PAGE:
By Raïssa Robles
Yesterday, I wrote that Senator Vicente Sotto had copied from FIVE bloggers.
Last night, I was sent information that he copied as well from a briefing paper. The information came once more from Vincent D. Bautista. Thank you, Vincent.
UPDATE as of 8:23 AM, August 17, 2012:
In 2002, Senator Vicente Sotto vowed to push for tougher measures against film and music piracy. He even delivered a privilege speech condemning the matter. Is what he just did a form of piracy too?
Senator Sotto and his staff’s predilection for lifting verbatim without attribution has elicited much comment and reaction on the Web.
One commenter named Kiko wrote the following reaction:
Yikes, what an embarrassment for the Philippine Senate as an institution. How can you stand up in front of your peers and read off a paper whose sources you haven’t reviewed personally?
Kiko also sent what he called Sotto the plagiarist meme:
On the social networking site Facebook, someone passed on this poster to me -
This was before I learned that Sotto’s copy-and-paste approach to scholarship extended to briefing papers. Hindi lang pala bloggers.
This morning, someone posted this as well on Facebook:
Sotto copied from 5 bloggers plus a briefing paper
Sotto’s speech delivered August 16 Wednesday contained the following passage. Again, I have highlighted in red what was copied:
2.United Nations agencies are using UN resources to advocate their agenda on a local level in order to bypass cultural and religious resistance. Gamal Serour, president of the International Federation of Gynecology and Obstetrics (FIGO), reported that UNFPA has a program in 25 countries to lobby religious leaders into dropping objections to the agenda. These programs are aimed at “re-educating” religious leaders and convincing them to accept their population control programs.
He had lifted this verbatim from a briefing paper entitled ” Six More Problems with Women Deliver: Why Attempts to Redefine Maternal Health as Reproductive Health Threaten the World’s Women”:
Problem #4: UN staff and NGOs target religious leaders and youth to undermine traditional culture and values.
UN agencies are using UN resources to advocate their agenda on a local level in order to bypass cultural and religious resistance. Gamal Serour, president of the International Federation of Gynecology and Obstetrics (FIGO), reported that UNFPA has a program in 25 countries to lobby religious leaders into dropping objections to the agenda. These programs are aimed at “re-educating” religious leaders and convincing them that family planning does not go against their religious values, especially when taken from a medical point of view.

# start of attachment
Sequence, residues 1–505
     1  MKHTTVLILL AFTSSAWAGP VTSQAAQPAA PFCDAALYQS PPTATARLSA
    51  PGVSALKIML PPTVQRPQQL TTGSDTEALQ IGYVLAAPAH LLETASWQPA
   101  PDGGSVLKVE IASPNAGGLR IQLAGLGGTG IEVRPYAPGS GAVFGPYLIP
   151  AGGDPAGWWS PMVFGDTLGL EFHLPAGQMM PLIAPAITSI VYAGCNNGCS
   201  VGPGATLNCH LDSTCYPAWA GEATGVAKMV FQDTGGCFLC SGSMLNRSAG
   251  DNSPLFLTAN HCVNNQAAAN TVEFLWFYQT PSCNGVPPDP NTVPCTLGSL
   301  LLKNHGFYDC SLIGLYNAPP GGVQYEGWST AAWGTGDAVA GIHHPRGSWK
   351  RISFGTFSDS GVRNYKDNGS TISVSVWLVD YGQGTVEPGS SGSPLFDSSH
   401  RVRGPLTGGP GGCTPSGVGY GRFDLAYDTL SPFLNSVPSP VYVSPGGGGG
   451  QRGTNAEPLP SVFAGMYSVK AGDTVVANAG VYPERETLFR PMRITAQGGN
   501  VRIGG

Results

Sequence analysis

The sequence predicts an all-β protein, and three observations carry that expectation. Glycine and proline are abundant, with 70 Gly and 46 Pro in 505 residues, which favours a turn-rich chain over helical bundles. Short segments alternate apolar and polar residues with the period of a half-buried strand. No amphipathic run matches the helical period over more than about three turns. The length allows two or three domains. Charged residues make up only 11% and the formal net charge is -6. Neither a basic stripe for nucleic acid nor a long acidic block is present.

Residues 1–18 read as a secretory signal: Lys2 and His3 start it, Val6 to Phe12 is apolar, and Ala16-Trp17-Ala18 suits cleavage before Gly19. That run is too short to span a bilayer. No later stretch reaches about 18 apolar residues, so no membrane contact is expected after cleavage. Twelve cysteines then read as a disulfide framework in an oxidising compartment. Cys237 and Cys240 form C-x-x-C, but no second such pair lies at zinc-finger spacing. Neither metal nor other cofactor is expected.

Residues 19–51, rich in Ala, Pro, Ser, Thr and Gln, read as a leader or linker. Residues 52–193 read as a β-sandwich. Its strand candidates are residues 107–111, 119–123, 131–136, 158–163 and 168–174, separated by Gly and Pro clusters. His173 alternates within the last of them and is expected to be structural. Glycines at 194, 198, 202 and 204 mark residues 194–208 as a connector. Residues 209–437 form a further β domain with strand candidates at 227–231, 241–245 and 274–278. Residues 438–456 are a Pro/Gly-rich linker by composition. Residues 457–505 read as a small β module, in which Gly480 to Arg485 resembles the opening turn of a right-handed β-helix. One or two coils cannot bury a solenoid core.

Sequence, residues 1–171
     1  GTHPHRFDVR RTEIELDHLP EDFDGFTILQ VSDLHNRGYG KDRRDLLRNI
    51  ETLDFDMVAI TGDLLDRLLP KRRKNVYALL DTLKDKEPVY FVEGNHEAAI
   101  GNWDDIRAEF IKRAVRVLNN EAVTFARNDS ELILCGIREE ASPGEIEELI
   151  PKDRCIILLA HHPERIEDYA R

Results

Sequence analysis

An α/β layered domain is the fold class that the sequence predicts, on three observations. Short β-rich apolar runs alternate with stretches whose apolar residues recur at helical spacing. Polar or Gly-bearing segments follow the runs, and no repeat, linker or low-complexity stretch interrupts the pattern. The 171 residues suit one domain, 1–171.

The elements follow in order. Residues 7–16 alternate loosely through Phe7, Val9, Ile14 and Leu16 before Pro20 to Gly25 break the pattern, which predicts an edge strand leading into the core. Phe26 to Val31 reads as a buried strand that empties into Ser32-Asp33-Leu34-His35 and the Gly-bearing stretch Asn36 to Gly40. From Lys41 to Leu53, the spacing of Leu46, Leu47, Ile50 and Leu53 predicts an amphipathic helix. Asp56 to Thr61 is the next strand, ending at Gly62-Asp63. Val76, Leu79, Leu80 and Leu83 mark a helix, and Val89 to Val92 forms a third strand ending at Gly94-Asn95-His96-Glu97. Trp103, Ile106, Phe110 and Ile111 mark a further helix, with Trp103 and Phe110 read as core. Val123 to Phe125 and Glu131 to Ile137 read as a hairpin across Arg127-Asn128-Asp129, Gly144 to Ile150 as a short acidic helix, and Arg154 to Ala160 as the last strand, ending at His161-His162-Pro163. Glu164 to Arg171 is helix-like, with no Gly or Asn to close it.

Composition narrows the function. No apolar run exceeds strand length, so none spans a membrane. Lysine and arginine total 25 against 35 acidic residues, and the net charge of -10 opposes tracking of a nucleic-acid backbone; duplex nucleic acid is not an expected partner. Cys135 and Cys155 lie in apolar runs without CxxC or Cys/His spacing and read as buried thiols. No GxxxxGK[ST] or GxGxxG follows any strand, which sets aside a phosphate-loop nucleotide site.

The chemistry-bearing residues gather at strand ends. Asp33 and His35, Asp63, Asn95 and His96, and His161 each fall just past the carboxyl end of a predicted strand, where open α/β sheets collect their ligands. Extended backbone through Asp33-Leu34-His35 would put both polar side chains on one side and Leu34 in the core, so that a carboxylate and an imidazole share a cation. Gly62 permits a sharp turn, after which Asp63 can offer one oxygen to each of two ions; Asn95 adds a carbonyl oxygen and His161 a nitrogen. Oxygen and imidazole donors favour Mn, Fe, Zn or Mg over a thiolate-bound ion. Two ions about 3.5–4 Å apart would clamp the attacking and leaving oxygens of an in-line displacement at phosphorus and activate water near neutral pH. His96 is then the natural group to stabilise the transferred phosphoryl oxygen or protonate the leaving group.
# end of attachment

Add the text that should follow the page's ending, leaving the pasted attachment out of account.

The paper can be downloaded here.
So far, one blogger named Sarah has reacted to Senator Sotto’s copying from her blog, thehealthyhomeeconomist.com in a post entitled On Plagiarism, the Pill and Presumptuousness. This time, Sarah has taken the trouble to protect her post. You can no longer simply copy and paste it. You have to screencap it like this:
Sarah called Sotto “esteemed”, but the picture that accompanied the post said what she really meant -
Senator’s chief-of-staff Hector Villacorta took the trouble to contact Sarah. Jojo Malig of ABS-CBNNews quoted Villacorta as telling Sarah -
“We are both indebted to the book’s author but if you wish that you also be credited with the contents of the book, let this be your affirmation. I can do it and by this message, I am doing it. Hope it satisfies you. But if it does not, what would you want us to do?”
All I can say is – WOW. Villacorta’s grudging tone says it all. It’s as if he’s saying it’s Sarah who should be grateful for the honor of having been quoted by a senator because she is a mere blogger.
To hear what Sen. Sotto himself said on the issue, click on this link -
Some commenters have asked me why I’m making such a big deal over this. Perhaps because as a writer I have tried to take the trouble to attribute sources and craft my words. When someone merely copies and pastes other people’s thoughts and passes them off as his, he is taking all the credit for doing all that hard work.